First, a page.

You answer with why you're interested in the company.
Sure, the recruiter reached out to you, but this was a scheduled call. You had some time to prepare. You also mentioned that the company is well known, so, even without research, you should know at least something about why you would want to work there.
- The company has a great reputation as an employer
- The company provides products you regularly use and enjoy
- They solve interesting problems
- You believe in the company mission and values
- You know people who work there and they speak highly about it
I would expect question 2 from the recruiter to start to dig into the kinds of work you like to do. This isn't necessarily about a particular role, but more of a "We have positions available. sevensevens' LinkedIn profile seems like a match. Does his experience and interests match any of our available reqs? Does he seem like Company material?"
As others mentioned in comments and answers, it would be good interview judo to give a reason or two and follow up with, "However, you're the expert on Company, why do you think I should want to work there?"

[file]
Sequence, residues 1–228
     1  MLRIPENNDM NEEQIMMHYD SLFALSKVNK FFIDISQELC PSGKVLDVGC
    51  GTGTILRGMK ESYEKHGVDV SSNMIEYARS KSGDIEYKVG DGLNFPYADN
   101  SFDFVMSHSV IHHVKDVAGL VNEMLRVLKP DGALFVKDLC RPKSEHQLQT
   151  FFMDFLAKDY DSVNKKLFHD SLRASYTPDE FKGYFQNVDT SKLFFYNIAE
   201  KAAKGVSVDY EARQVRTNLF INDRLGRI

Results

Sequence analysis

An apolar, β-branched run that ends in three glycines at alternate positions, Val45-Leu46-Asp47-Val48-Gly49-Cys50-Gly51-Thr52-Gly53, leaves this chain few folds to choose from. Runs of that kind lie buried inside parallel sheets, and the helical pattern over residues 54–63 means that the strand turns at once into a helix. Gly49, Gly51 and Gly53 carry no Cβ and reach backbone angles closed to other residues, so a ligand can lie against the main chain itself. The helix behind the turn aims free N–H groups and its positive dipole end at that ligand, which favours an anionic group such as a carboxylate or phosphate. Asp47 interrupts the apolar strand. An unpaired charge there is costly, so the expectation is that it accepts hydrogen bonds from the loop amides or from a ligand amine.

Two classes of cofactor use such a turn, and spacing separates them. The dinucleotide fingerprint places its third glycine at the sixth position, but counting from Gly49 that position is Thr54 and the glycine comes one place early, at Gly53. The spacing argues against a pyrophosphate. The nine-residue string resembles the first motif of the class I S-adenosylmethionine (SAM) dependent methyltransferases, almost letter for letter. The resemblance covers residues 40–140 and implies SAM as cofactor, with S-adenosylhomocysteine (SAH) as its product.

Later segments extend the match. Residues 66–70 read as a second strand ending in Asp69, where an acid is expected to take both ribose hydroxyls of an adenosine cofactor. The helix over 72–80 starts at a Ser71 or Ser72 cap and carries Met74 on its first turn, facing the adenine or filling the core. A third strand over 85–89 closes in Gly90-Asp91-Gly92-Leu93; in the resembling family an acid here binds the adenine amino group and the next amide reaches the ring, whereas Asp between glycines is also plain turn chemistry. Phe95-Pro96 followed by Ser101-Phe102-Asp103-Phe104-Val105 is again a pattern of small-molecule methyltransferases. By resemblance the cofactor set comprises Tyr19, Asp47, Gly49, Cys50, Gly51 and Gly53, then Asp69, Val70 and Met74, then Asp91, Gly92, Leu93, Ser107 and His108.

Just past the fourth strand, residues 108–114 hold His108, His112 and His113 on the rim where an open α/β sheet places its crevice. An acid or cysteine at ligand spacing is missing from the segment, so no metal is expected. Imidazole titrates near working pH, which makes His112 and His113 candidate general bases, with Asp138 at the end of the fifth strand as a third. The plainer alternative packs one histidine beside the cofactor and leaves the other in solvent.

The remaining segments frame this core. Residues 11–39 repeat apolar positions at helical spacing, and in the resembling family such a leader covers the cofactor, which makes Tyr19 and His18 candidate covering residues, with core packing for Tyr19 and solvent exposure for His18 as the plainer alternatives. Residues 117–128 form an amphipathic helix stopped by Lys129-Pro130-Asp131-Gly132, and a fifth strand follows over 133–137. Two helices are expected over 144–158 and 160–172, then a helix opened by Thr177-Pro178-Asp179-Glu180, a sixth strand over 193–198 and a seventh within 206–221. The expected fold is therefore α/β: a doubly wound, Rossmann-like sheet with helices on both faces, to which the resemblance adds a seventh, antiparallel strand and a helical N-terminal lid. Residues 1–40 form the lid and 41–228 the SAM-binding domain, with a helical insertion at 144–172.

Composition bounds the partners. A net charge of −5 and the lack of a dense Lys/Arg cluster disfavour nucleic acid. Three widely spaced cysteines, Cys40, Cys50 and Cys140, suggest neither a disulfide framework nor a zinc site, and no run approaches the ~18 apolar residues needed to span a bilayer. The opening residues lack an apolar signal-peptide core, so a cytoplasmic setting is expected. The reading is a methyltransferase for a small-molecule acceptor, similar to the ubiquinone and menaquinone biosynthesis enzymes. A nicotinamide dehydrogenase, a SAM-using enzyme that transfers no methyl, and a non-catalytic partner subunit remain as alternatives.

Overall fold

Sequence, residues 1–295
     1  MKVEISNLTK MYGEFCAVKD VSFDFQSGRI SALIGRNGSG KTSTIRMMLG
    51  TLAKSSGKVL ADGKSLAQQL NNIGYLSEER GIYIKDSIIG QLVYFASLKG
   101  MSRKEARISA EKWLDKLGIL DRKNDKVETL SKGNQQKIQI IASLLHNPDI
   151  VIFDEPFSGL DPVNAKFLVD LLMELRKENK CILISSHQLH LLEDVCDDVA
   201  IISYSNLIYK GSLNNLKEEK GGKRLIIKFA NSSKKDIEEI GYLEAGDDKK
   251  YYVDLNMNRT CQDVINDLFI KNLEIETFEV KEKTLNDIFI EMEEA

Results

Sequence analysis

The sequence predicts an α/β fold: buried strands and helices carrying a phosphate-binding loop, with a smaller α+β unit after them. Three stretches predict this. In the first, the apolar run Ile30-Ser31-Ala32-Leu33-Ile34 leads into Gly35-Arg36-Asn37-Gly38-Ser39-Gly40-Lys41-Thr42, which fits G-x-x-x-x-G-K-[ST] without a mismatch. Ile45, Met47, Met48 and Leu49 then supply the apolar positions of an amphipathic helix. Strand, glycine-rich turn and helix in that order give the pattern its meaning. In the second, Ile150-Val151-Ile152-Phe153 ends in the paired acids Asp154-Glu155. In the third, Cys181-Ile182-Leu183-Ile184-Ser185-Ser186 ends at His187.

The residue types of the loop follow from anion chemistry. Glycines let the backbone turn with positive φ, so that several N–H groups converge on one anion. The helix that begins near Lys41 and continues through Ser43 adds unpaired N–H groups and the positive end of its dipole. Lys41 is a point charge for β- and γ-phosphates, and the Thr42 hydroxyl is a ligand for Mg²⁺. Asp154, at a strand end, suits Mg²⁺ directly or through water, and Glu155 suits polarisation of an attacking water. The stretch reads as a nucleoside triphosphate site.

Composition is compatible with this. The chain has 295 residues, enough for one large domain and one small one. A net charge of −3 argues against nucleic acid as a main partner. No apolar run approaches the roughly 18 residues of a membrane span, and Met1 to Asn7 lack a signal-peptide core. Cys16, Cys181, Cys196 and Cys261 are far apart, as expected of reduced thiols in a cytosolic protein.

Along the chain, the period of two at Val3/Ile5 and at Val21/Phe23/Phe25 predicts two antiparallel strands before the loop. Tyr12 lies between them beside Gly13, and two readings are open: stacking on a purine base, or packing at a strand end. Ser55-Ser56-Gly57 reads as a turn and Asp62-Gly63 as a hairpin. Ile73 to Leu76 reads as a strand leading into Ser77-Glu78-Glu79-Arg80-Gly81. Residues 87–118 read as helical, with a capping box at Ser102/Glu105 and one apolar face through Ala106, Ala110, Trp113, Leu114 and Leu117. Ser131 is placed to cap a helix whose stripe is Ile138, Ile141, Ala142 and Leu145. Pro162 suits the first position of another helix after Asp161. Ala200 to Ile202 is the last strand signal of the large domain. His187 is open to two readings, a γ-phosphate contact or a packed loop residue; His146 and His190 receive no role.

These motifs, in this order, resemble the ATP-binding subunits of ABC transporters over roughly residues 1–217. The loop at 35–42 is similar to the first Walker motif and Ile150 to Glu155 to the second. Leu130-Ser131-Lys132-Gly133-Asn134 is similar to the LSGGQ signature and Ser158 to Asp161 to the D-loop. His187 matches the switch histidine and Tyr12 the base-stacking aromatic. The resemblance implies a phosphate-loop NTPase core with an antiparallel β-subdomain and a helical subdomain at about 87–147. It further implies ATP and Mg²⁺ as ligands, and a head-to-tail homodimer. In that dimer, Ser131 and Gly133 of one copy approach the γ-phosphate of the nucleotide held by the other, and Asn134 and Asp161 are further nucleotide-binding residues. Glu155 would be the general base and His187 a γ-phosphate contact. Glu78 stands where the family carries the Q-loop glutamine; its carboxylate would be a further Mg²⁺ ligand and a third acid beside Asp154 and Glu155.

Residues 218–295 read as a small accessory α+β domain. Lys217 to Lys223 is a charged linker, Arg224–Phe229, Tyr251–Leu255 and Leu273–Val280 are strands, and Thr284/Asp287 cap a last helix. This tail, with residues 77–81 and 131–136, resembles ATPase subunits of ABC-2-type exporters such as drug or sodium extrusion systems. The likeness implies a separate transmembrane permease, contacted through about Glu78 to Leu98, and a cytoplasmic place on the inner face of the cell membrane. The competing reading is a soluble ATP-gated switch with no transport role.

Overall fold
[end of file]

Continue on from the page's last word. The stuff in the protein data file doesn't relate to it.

(I started to put this as a comment, but decided to include it in my answer)
You didn't describe a cold call, but a scheduled introductory interview. The LinkedIn message, email, call, etc to see if you were interested was the cold call. You are now a warm lead (you agreed to a 30 minute meeting). Now they are attempting to qualify the lead (in sales terminology) to understand if you're a good fit. That may be questions about your past experience, your future goals, and your interest in/opinion of the company. If they like you, they would tell you about the opportunity they think matches.
A cold call would be something like
This is Chris G, I'm a recruiter with Google, do you have 30 minutes to discuss an exciting opportunity? Great. Why do you want to work for Google?
and that would be asinine